In a country of 50 million, the number of patients who have thus far received medical cannabis is barely a drop in the bucket. It’s been over five years since legalization and two main hurdles need to be overcome for this local medical cannabis sector to reach more people.


1. Social Acceptance And Knowledge About Cannabis


First is acceptance and understanding. In Colombia, medical cannabis is a relatively new concept. In a country that has long battled the international drug trade, it’s a challenging pivot for many people to see value in the plant when there was only violence for so long.


Most doctors in the country have not been trained in prescribing or dosing cannabis. Therefore, very few have adopted it as a part of their practice. 


At the consumer level, there is still a lot of hesitation and a lack of knowledge about the medical applications for cannabis and CBD. Even for those patients lucky enough to live near a prescribing pharmacy, they may not have the information necessary to seek it out.


2. Limited Access to Cannabis


The second dilemma for Colombia’s local cannabis sector is one of accessibility. In the recent past, there were few doctors and few compounding pharmacies helping patients obtain cannabinoid-based therapies.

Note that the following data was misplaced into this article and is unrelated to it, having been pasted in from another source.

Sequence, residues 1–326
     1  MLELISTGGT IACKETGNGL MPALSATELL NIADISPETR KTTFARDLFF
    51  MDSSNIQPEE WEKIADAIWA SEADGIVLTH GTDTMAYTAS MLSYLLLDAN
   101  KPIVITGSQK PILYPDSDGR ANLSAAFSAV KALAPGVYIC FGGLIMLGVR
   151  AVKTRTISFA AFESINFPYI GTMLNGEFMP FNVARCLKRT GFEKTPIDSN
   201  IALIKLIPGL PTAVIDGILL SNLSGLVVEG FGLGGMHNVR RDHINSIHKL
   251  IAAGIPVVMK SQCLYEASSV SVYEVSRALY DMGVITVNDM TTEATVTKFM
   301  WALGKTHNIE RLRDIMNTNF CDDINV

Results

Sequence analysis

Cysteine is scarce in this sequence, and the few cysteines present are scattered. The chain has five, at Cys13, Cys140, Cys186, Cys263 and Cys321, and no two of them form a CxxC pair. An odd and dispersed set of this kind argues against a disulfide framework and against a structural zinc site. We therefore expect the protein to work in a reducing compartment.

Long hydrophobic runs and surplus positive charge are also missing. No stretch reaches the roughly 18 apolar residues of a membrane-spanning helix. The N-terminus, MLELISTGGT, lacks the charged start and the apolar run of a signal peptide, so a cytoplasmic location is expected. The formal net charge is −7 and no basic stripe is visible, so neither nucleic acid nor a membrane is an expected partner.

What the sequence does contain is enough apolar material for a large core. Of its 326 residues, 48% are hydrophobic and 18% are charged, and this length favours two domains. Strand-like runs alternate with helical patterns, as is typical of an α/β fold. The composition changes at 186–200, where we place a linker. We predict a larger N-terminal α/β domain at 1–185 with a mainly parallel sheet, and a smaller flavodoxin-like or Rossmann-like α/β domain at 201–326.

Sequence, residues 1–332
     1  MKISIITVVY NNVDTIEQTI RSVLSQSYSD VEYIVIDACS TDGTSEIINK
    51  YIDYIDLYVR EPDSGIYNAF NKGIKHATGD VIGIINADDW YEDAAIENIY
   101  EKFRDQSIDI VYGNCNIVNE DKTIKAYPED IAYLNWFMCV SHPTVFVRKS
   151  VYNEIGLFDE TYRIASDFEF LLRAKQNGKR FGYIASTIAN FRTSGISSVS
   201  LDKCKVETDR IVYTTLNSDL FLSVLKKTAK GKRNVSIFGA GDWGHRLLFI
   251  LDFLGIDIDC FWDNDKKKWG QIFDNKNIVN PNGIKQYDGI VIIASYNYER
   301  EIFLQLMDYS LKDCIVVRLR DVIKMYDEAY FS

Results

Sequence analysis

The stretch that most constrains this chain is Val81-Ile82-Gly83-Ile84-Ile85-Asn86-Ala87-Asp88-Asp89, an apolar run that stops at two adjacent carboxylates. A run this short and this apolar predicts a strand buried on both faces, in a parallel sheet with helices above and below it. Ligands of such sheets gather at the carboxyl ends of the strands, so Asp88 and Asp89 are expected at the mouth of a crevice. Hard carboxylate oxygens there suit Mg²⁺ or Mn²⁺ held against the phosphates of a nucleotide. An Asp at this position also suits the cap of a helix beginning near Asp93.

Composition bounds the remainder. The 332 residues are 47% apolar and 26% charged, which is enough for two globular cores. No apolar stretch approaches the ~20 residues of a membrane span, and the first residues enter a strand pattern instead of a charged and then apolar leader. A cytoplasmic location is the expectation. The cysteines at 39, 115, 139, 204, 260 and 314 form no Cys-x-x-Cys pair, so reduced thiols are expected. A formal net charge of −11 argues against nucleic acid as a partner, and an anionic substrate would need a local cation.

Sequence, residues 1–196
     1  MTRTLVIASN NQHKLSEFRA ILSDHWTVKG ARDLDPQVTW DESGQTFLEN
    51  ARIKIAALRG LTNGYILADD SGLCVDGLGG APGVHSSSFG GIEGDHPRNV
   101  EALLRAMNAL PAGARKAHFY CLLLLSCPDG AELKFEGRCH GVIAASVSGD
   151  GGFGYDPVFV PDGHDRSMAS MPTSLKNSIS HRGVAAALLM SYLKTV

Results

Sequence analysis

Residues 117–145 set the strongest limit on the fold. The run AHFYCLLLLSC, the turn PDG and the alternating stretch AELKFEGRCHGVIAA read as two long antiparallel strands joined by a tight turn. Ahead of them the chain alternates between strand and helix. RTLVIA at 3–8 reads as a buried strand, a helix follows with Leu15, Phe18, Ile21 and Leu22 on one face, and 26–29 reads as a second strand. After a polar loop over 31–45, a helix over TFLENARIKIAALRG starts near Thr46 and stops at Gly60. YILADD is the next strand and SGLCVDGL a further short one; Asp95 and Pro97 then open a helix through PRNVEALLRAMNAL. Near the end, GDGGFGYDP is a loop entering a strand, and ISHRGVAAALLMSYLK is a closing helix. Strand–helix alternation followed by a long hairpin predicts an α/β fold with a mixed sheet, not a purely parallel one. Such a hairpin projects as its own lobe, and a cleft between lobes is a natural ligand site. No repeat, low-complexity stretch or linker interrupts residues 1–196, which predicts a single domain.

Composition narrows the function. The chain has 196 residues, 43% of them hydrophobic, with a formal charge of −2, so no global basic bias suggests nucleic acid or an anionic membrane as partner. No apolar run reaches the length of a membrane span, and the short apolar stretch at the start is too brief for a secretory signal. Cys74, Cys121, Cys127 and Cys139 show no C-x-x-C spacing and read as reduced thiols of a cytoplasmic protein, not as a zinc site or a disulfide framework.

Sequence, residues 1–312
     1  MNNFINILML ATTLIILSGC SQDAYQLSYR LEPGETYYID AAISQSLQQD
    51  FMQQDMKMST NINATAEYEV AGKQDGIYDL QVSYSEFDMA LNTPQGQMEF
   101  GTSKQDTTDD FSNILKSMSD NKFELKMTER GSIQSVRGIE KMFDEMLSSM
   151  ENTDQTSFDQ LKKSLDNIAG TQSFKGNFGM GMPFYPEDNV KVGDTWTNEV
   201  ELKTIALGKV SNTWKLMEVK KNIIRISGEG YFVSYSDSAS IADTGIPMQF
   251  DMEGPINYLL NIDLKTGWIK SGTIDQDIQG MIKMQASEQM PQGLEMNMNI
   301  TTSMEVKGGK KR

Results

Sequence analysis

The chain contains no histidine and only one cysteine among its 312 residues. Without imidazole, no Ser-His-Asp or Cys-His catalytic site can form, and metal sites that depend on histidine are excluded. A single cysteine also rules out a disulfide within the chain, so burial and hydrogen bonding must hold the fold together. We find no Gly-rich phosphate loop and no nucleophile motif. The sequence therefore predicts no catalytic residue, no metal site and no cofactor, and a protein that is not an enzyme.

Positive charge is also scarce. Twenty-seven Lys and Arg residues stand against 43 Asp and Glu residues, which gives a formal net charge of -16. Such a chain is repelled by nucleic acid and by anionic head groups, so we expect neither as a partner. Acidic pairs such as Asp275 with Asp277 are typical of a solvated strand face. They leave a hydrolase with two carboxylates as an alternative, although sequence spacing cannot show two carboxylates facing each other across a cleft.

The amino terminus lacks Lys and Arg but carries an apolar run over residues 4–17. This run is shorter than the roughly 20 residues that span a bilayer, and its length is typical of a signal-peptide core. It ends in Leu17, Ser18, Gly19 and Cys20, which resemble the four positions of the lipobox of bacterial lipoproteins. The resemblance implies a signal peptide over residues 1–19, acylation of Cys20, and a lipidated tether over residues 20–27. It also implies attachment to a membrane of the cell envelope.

As Paola Andrea Cubillos-Sánchez of the Colombian Medical Association of Medicinal Cannabis in Medellin explained, “As healthcare professionals, it is our duty to inform and educate ourselves, from unbiased sources, with respect to the potential uses of cannabis derived compounds, to be able to ethically, competently and in an evidence-based fashion, respond to our patients’ needs.” 


But, gradual change is coming. With the same decree that opened up international exports of flowers, lawmakers also sought to improve patient access. That meant creating channels for most of Colombia’s pharmacies to carry and dispense medical cannabis. As a result, patients living in most urban areas will soon have access to medical cannabis through more than 14,000 possible locations — instead of just a few.


High Growth Potential for Both Local and Export Sectors


Colombia is uniquely positioned to become a critical international source for medical cannabis, with relationships already in place with the largest importers on earth.


And while medical cannabis for Colombians has been slow to take off, this will undoubtedly change thanks to societal shifts and improved access. The government substantially increased the number of pharmacies legally allowed to dispense medical cannabis, which will do wonders for patient access. 


Thanks to the continued support of the Colombian government, the next decade of growth for the medical cannabis sector will prove an exciting one. Investors are already lining up to access this market, and it will be interesting to see what happens next.